“To gild refined gold, to paint the lily, to throw a perfume on the violet, to smooth the ice, or add another hue unto the rainbow, or with taper-light to seek the beauteous eye of heaven to garnish, is wasteful and ridiculous excess” – Shakespeare, King John IV, 2.
If e’er a lily were so grandiloquently gilded, if e’er there were a mining project so deliriously conceived, it was bared for all to see in a Queensland court this week in the cross-examination of expert witnesses in the Adani case.
For those with little acquaintance of this whitest of white mammals of the family Elephantidae, we refer to the lawsuit in the Queensland Land Court where Indian conglomerate Adani is trying to get approval for Australia’s biggest coal mine.
The week had begun poorly for the Indian conglomerate. It had long claimed its Carmichael mine in the Galilee Basin would deliver $22 billion in taxes and royalties. However, its own expert witness, Dr Jerome Fahrer, admitted to a figure of $7.8 billion.
This $14 billion black hole was rivalled on Tuesday when Adani’s myth of humungous job creation was also pulverised. No, 10,000 jobs would not arise, as the company had claimed, rather 1464 jobs would be generated in each year. It is a neat coincidence that both its jobs claims and its tax claims were inflated by 270 per cent.
Yet the piece de resistance came on Friday when expert witness for the opponents of the project Tim Buckley, a respected financial analyst, took the stand. Buckley told the court the assumptions in Adani’s financial model had overestimated the coal price and the yield, underestimated the mining costs, the rail costs and the discount for which the coal would sell, and breezily ignored pesky things in its calculations like interest on the debt.
To sum it up, this project has Buckley’s. That it could ever succeed without a doubling in thermal coal prices is sheer fantasy. If they dredge the Barrier Reef at Abbot Point and nearly double Australia’s carbon emissions for this shaggy pup, Queensland’s legislators will never live it down.
Figures damn themselves
Any supporters of the project that remain after this week’s testimony may contend of Tim Buckley – and other witnesses called by Coast & Country, the environmental group seeking to block the mine – “they would say that, wouldn’t they”.
But Buckley has simply recreated Adani’s own financial model. He has used their own numbers, used them conservatively, and come up with a project that will lose $9.4 billion.
How then does Adani justify its claims of profitability? It deploys coal price forecasts north of $US100 a tonne, that’s how. Buckley has merely used market forecasts. The futures market when he wrote his expert’s report priced thermal coal at $US64.55 a tonne in 2021. Since then, the price has fallen further to $US58.85. Adani has assumed the coal price will double.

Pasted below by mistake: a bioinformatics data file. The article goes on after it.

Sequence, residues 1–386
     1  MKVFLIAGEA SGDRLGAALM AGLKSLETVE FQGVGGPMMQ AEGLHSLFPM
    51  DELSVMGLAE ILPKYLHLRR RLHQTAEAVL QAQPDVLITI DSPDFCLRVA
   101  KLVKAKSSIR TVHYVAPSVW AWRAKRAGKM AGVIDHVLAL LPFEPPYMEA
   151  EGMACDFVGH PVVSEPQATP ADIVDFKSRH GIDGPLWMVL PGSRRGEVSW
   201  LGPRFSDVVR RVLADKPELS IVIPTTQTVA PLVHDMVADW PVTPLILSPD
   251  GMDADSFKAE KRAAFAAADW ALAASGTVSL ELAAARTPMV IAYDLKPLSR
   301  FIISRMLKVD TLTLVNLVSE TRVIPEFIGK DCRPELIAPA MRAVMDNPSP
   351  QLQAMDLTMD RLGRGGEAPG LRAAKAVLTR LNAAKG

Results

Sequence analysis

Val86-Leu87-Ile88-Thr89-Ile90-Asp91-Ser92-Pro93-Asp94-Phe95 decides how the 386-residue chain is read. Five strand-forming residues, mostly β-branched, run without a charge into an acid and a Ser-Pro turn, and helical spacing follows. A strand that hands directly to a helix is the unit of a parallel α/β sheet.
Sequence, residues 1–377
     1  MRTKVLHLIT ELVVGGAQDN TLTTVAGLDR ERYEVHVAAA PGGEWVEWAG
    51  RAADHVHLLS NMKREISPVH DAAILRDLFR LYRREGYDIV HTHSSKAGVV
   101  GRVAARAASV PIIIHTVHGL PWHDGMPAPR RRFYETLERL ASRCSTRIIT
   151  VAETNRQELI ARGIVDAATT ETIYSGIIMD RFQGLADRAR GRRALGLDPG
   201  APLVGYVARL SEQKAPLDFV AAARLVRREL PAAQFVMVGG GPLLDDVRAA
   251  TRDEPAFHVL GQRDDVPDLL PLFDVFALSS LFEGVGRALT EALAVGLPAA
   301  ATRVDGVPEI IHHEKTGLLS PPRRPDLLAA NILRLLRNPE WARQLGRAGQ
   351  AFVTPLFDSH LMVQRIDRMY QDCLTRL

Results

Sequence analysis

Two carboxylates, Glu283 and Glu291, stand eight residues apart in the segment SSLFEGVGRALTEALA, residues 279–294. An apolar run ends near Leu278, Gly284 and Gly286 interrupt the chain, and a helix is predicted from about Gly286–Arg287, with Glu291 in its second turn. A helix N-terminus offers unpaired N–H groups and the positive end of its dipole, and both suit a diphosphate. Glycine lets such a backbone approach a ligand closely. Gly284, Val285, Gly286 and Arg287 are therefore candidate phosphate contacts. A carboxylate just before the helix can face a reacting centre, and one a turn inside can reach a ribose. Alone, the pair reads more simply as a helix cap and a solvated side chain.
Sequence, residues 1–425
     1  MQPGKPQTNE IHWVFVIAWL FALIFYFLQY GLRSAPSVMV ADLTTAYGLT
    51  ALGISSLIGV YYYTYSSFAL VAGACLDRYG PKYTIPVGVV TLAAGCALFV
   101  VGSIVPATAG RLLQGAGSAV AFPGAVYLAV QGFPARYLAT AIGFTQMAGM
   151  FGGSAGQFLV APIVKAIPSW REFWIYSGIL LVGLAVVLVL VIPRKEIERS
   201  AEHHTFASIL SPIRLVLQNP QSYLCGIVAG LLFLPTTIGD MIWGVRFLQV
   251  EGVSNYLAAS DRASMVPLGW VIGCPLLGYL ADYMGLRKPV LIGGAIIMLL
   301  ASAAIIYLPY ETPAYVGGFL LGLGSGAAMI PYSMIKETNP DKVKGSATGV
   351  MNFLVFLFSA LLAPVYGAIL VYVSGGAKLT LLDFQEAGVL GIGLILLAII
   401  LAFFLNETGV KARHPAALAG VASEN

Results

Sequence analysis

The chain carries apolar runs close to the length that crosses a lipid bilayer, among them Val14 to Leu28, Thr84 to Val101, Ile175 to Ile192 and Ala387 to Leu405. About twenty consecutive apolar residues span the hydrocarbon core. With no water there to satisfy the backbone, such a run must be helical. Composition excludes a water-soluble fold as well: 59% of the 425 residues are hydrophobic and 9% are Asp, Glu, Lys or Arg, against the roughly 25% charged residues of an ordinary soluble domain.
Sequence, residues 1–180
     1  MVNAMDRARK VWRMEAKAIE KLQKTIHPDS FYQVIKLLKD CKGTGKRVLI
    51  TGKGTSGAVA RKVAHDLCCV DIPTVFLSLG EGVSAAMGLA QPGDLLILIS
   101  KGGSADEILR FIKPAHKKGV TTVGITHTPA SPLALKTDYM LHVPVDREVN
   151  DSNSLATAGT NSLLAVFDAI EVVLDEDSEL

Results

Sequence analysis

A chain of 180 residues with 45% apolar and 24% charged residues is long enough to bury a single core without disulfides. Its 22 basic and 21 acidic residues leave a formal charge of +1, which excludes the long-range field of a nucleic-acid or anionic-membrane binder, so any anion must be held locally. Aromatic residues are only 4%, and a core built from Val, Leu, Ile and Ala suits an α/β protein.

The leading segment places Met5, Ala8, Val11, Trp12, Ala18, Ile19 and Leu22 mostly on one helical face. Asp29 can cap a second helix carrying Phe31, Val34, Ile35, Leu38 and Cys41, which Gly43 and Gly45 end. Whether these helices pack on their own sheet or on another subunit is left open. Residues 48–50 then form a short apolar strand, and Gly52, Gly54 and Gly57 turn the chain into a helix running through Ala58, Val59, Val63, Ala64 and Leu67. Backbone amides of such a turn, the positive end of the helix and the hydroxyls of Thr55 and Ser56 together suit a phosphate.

Another doozy is the cost benefit analysis – Adani’s modelling predicts its mine will be 50 per cent more efficient than a suite of 14 other coal mines in Queensland and NSW. Buckley’s evaluation is pure charity. He kindly assumes Adani, whose only coal mine is in Indonesia (operating at 40 per cent utilisation), will be a mere 30 per cent more efficient than the likes of BHP, Rio Tinto, Peabody and Glencore.
There is the small matter of financing costs too. Despite a recent restructure in India that effectively cut the size of Adani’s enterprise here by 80 per cent, and consequently its capacity to borrow by the same magnitude, Carmichael requires billions in project finance. Buckley assumes the project will lose $300 million a year, even before interest on the borrowings at $400 million a year.
It is no wonder Adani’s own expert on financing, John Stamford, refused point blank in the witness box this week to comment on the financial viability of the project. He would not put his own money in it, he agreed.
As for the national interest, Buckley generously accepted Adani’s assumptions that there would be royalties should the project proceed. Not the alleged $22 billion in tax and royalties but $3.3 billion in royalties. As for taxes, if there are no profits, there are no taxes.
Were lightning to strike thrice and the coal price rampage to $US100 a tonne, any spare dollar in profit would be unlikely to find itself at the Australian Taxation Office anyway, but rather wend its way via the tax haven of Singapore to the tax haven of Mauritius.
Adani Mining in Australia is owned by an Adani company in Singapore, which is in turn owned by an Adani company nestling off the coast of West Africa in La Republique de Maurice.
“Are you aware of the effective tax rates in Mauritius,” Adani’s financial controller was asked in court. “No, I don’t know,” replied Rajesh Gupta.
“I suggest it’s 3 per cent,” said the interrogating lawyer.
But it’s not really, is it?
Though Gupta’s evidence seemed flimsy and forgetful, Adani’s expert witnesses retreated in giant strides from the company’s claims while experts for the defence demolished them, there will still be objections from the rowdy pro-development crew.
Flamboyant National MP George Christensen still says Galilee “will provide an estimated 28,000 jobs”.
Any serious observer or participant however must only conclude that, at best, this project is a dead-set punt of the longest odds.
Further to Buckley’s evidence, the forecast for a gross operating loss of $9.3 billion could double if current coal forecasts were assumed, if the financial model included carbon costs of $4.8 billion, if rehabilitation costs were included, and if the likely and realistic costs of third party infrastructure such as rail were included – another 7.6 per cent or $4.2 billion there.
The banks won’t come to the party. This project is unbankable. Though the worst outcome is that the government allows it to proceed – cowed by anti-jobs rhetoric and despite all reason – and they dredge the reef, then the thing blows up anyway.